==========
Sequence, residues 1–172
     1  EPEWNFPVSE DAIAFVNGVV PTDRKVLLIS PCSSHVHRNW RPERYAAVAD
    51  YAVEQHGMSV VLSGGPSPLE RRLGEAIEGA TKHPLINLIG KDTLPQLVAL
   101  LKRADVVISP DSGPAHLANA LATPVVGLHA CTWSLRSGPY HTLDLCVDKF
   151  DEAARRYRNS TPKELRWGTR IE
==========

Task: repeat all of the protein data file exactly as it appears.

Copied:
Sequence, residues 1–172
     1  EPEWNFPVSE DAIAFVNGVV PTDRKVLLIS PCSSHVHRNW RPERYAAVAD
    51  YAVEQHGMSV VLSGGPSPLE RRLGEAIEGA TKHPLINLIG KDTLPQLVAL
   101  LKRADVVISP DSGPAHLANA LATPVVGLHA CTWSLRSGPY HTLDLCVDKF
   151  DEAARRYRNS TPKELRWGTR IE